The Edmonton Funicular, designed by Dialog, offers sweeping views of the North Saskatchewan River Valley – and connects the city with its nearby green spaces.
The drive into Edmonton is nothing short of spectacular. Located on the banks of the glacier-fed North Saskatchewan River, visitors traverse through a leafy valley – one that stretches across 7,400 hectares, roughly 22 times the size of Central Park – before ascending into the Albertan capital. For the uninitiated, it’s a scenic surprise. For Edmontonians, the North Saskatchewan River Valley is the city’s backyard.
That city is also seeing a surge of development. And just as the soon-opening Royal Alberta Museum, the Stanley A. Milner Library revitalization and Kasian Architecture’s Arts Habitat promise to connect the city to cultural spaces, the 100 Street Funicular hopes to bring Edmontonians closer to its most vital green spaces.
Designed by Dialog – an interdisciplinary firm with fingerprints on a number of Edmonton projects, including the Walterdale Bridge, Norquest College and the aforementioned Royal Alberta Museum – and built by Graham Construction, the $24 million site opened to the public late last year. Sitting at the foot of the historic Fairmont Hotel McDonald, the project, which is part of the River Valley Alliance’s long-term plans to increase connectivity with the city, provides mechanized access to the myriad trails below.
Each ride on the 100 Street Funicular takes about 36 seconds from top to bottom, with each cabin travelling roughly two metres per second. While descending, it generates energy that Dialog says “goes back into the grid.” The funicular was designed with accessibility in mind: the cabin is roomy enough to carry wheelchairs, strollers, walkers and bikes, a fact that inspired a jingle about it.
The funicular is accompanied by a staircase studded with concrete boxes, inviting pedestrians to linger. The 170-step staircase (and the cladding used throughout the site) is made from Kebony, which Dialog says provides “excellent dimensional stability and resistance to rot,” lasting six times longer than pressure-treated wood. The material is also known for its resistance to cold climates – a necessary feature for a city whose average low dips to -13 in February.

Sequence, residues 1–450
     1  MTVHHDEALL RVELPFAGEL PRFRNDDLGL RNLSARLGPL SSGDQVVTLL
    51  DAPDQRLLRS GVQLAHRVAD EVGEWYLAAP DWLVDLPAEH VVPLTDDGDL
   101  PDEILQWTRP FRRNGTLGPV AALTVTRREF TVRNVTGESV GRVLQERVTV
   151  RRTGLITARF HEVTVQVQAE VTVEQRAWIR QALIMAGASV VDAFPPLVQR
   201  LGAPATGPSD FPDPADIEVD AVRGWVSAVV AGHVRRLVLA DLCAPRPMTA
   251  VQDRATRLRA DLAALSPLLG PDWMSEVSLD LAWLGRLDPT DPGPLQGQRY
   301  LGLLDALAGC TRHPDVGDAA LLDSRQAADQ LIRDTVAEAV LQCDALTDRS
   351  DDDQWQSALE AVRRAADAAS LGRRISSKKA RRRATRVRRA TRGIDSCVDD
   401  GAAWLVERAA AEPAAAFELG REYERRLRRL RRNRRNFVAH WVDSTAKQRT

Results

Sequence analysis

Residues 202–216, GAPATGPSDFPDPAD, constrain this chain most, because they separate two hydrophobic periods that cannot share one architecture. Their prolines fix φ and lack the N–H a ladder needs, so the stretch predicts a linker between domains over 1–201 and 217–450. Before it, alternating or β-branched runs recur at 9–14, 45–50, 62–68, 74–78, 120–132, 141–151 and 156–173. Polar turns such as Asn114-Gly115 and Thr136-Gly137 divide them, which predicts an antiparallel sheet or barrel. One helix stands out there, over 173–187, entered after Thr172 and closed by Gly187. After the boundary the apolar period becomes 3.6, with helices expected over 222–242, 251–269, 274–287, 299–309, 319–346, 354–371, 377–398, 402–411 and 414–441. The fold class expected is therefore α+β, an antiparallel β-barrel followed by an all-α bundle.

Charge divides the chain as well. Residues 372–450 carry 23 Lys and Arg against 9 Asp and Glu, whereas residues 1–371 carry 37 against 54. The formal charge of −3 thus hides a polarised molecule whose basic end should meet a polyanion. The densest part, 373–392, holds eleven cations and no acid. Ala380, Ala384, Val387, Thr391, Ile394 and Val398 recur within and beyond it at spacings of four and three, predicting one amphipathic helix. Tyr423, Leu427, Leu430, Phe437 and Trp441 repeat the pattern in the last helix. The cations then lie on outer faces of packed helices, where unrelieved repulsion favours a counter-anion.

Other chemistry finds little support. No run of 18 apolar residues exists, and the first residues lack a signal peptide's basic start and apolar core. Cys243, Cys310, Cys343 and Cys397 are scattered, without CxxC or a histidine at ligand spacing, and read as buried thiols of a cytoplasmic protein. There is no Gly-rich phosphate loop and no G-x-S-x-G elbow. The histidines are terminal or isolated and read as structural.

At the foot of the funicular, a promenade unfolds, which the firm calls “a meadow tucked in the riverbank.” Here, Vancouver visual artist Jill Anholt contributed Turbulent, a public-art installation that doubles as benches. Floating on concrete podiums and lit from below, Anholt’s work is inspired by the flow of water.
The promenade leads to one of the site’s most prominent features: the Frederick G. Todd Lookout, named for the landscape architect who developed North Saskatchewan River Valley’s considerable park system. After crossing a pedestrian footbridge over Grierson Hill Road, visitors are transported to a 20-metre high cantilevered lookout facing the North Saskatchewan River. It’s already become a favourite among photographers, both for its natural and city views.
From the lookout, an elevator and a staircase leads us even deeper into – where else? – Edmonton’s backyard. It won’t be the last addition to the river valley, either: with $72.9 million in funding, the River Valley Alliance is developing six additional initiatives aimed at improving access to the valley.